This week on Afterglow we’ll usher in the holidays with music recorded during the past two decades
Hartman is one of the great icons of romantic vocal jazz.
Afterglow surveys another round of new and recent releases.
In 1964 singer Dean Martin, who hadn’t had a hit in several years, recorded a laidback martini-at-the-fireside album that included the original version of a song that would soon become his signature tune.
Singer Kay Starr is best-known for her 1950s pop-novelty hits “Wheel of Fortune” and “The Rock and Roll Waltz,” but her roots were in the swing era of the 1940s.
New and recent releases on this edition of Afterglow from Kurt Elling, Melody Gardot, Curtis Stigers, and a never-before-issued 1968 nightclub recording of pianist Bill Evans.
Singer Raney's 1992 CD and tribute sets to arranger Russ Garcia and drummer Paul Motian, featuring Louis Armstrong, Anita O’Day, Mel Torme, and Bill Evans.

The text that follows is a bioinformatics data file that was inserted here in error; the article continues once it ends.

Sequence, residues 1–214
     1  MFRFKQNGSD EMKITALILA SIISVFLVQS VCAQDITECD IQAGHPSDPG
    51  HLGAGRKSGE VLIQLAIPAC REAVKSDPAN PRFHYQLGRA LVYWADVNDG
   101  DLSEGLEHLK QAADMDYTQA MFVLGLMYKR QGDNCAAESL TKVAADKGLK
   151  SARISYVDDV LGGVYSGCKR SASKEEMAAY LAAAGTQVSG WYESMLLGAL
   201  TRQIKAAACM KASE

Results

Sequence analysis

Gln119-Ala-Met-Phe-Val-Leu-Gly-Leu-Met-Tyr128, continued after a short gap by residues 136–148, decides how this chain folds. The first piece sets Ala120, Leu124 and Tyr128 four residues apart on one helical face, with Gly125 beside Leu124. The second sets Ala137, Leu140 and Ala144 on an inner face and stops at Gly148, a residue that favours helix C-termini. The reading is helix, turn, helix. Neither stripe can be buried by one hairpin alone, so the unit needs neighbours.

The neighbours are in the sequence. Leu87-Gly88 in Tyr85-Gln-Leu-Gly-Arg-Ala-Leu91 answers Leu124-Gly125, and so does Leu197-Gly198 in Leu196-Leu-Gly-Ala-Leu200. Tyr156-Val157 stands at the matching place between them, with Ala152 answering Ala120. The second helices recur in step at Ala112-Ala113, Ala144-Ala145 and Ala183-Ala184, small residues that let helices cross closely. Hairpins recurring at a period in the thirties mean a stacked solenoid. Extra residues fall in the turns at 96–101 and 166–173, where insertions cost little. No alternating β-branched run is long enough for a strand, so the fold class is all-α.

n the 1960s the Beatles' primary songwriters rocked the world of jazz and popular song. Decades later, Beatles songs themselves have become standards.
Exploring Aretha Franklin's roots this week on Afterglow.
This week's show highlights a CD of standards by one of the world’s most popular pop-rock artists and a sophomore outing from a young Austin, Texas singer.
Paul Simon has written some of the past 50 years’ most memorable hits, such as “Bridge Over Troubled Water,” “The Sound of Silence,” “Mrs. Robinson,” and “Still Crazy After All These Years.”
Some well-known songs by a little-known lyricist, sung by Nat King Cole, Frank Sinatra, Billie Holiday, and others.